I guess that by now the Prime Minister's economy-saving Christmas bonus to pensioners will have gone into my bank account.
He wants me to spend it. But this gives me a problem. What am I to spend it on? Blow it all on booze or food that my dietician warns me not to consume? Buy rubbishy plastic toys that will not last and will be in landfill by Easter? Buy electronic and microprocessor components that very likely I will not use before I die?
The amount is not enough to tempt me to do something about our manufacturing industry by buying a new car which I do not really need.
Buy some timeless books? Now perhaps that would be a better choice, except that my bookshelves are already full.
Economists would probably say that whether I purchased durables or rubbish, the effect upon the economy would be much the same, although there would no doubt be some advantage in buying Australian goods. But these days, can I really be sure that what is labelled "Produce of Australia" is really Australian sourced and manufactured?
My wife really does not want me to spend it all. She wants me to tuck it away in some government guaranteed bank account in case I become more of a burden to her than I already am, and she needs to park me in a nursing home. But if I did put it into a bank account, would not my financial institution lend the money for some worthwhile nation building, economy expanding purpose? So what would be the problem if I did not spend it immediately and kept it for some future contingency?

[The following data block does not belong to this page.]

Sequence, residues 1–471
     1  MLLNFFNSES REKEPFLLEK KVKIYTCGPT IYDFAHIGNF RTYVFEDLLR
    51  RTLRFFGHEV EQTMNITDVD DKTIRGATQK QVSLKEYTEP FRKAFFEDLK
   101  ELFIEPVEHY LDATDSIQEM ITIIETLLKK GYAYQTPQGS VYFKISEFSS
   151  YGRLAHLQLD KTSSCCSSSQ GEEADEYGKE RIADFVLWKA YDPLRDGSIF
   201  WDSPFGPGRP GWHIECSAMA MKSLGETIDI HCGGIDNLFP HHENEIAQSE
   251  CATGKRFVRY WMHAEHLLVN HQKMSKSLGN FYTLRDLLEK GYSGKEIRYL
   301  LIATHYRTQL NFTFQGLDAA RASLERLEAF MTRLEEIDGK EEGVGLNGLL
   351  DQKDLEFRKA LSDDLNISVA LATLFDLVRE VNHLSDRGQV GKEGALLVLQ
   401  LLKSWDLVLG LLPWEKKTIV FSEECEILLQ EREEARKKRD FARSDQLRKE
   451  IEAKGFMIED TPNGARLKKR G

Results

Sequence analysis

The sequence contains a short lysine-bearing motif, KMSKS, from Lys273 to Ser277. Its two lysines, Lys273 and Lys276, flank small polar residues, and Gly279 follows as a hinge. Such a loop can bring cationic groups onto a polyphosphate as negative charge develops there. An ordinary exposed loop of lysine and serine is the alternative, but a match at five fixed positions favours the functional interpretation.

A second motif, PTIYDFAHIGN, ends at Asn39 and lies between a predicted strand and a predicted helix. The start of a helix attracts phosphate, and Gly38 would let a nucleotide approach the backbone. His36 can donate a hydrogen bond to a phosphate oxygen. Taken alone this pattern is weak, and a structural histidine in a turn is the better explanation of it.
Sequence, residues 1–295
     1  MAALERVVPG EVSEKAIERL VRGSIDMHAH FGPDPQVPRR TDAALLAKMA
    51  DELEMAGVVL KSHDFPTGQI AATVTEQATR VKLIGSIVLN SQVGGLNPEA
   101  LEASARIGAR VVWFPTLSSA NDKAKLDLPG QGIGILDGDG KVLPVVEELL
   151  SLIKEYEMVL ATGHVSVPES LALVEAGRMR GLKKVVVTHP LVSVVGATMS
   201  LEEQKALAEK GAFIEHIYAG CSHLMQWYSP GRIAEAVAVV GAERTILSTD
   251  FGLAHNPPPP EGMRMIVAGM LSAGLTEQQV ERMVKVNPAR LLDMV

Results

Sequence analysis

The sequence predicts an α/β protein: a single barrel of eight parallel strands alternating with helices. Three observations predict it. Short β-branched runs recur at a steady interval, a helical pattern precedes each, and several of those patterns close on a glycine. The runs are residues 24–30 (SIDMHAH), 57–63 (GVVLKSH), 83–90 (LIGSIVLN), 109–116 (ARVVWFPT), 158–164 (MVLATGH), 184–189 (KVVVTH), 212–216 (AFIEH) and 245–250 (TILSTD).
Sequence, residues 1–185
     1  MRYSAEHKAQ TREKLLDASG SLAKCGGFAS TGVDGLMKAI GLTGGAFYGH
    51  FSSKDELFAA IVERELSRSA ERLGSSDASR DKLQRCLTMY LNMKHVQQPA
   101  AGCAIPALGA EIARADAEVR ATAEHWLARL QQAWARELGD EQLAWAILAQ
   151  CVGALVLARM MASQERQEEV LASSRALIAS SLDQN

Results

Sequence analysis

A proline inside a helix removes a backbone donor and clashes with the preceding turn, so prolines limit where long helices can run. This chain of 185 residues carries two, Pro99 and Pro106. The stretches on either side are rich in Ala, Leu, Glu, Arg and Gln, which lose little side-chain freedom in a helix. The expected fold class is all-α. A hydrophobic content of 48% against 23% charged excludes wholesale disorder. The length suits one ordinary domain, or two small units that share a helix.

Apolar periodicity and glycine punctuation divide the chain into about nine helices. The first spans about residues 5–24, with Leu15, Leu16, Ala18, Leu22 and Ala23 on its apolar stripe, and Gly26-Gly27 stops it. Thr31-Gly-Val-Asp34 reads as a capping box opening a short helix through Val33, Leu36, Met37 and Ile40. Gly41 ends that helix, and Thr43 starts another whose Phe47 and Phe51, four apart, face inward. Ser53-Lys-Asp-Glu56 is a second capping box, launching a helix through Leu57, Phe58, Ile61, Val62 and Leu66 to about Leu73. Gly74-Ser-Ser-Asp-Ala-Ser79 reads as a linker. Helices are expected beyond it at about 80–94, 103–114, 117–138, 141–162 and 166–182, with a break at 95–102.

But there is another thought which really nags me, and that is, the money which has possibly just gone into my account has not been earned by me. It is the product of the work of some poor sod who has had this money taken by our government and given to me. Now what might that person been able to do with my $1,050 had it been left in his or her hands? If I were the person who had had $1,050 confiscated by the fiscal fiend, I would want to see it spent on some really worthwhile project, like port expansion, alternative power generation facilities, the Murray River basin, storm water recycling projects and so on. But certainly not to be spent on red wine and brandy by some wheezy old geezer with one foot in the grave and the other on a banana skin.
Actually what I really would like to do with pensioner's bonus and the cash that my frugal wife has managed to save over the years, in spite of her spendthrift husband, is to lend it to the government at a fair rate of interest for the aforementioned nation building projects. This way I just know that the money will never be wasted, and that I will be keeping it out of the hands of financial institutions which I don't think I could yet trust to lend my money for worthwhile purposes.
Aussie bonds? Now that is something I would really like to see.
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